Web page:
The head of conservation group Sea Shepherd, which is known for its scuffles with Japanese whaling vessels, was arrested in Germany, the organization said Monday.
The group said in a statement that Capt. Paul Watson was arrested in Frankfurt and could be extradited to Costa Rica where the arrest warrant was issued.
The charges are based on a confrontation over shark finning in Costa Rica in 2002 while Watson was filming “Sharkwater,” the statement reads.
Watson’s lawyer Oliver Wallasch told Deutsche Welle, “My client is shocked” after the court hearing. He is being charged with “violation of ships traffic.”Sea Shepherd said it found an illegal shark finning operation run by a Costa Rican-flagged ship called the Varadero. Shark finning is the practice of catching sharks, cutting off their fins, and then dumping the rest of the animal back in the water to die.
“On order of the Guatemalan authorities, Sea Shepherd instructed the crew of the Varadero to cease their shark finning activities and head back to port to be prosecuted,” the organization said. “While escorting the Varadero back to port, the tables were turned and a Guatemalan gunboat was dispatched to intercept the Sea Shepherd crew.”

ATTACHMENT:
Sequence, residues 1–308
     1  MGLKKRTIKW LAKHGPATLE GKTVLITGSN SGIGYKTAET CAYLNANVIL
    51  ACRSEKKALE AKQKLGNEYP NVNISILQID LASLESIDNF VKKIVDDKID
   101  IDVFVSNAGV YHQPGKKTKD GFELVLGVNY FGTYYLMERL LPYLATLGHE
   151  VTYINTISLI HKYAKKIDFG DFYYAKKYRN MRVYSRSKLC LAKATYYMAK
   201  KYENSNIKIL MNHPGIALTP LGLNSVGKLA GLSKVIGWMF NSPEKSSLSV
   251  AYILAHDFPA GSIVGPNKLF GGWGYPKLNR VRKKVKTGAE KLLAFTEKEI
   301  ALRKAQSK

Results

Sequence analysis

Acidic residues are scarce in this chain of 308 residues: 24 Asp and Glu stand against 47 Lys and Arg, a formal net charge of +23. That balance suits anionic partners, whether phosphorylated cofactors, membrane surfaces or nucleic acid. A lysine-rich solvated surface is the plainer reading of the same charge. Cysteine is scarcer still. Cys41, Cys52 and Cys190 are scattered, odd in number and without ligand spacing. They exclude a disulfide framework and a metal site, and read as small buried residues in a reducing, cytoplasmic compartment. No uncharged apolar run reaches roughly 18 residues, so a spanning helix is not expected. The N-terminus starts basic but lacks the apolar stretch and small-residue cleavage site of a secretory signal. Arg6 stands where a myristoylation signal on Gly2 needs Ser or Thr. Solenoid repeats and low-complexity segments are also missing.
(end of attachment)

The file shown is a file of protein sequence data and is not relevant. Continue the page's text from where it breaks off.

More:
Varadero crewmembers then alleged that Sea Shepherd members were trying to kill them, but “the video evidence proves this to be a fallacy,” it added.
“To avoid the Guatemalan gunboat, Sea Shepherd then set sail for Costa Rica, where they uncovered even more illegal shark finning activities in the form of dried shark fins by the thousands on the roofs of industrial buildings,” the statement reads.
Watson is being aided by European Parliament Vice President Daniel Cohn Bendit and the European deputy Jose Bove.
“Our hope is that these two honorable gentlemen can set Captain Watson free before this nonsense goes any further,” the group said. “The European Sea Shepherds have also mobilized to support Captain Watson.”
Sea Shepherd gained fame for sending ships down to the Southern Ocean to disrupt Japanese whaling vessels, using ropes, nets, and firing projectiles at the whalers. Several members of the group have also been detained in Japan over related incidents.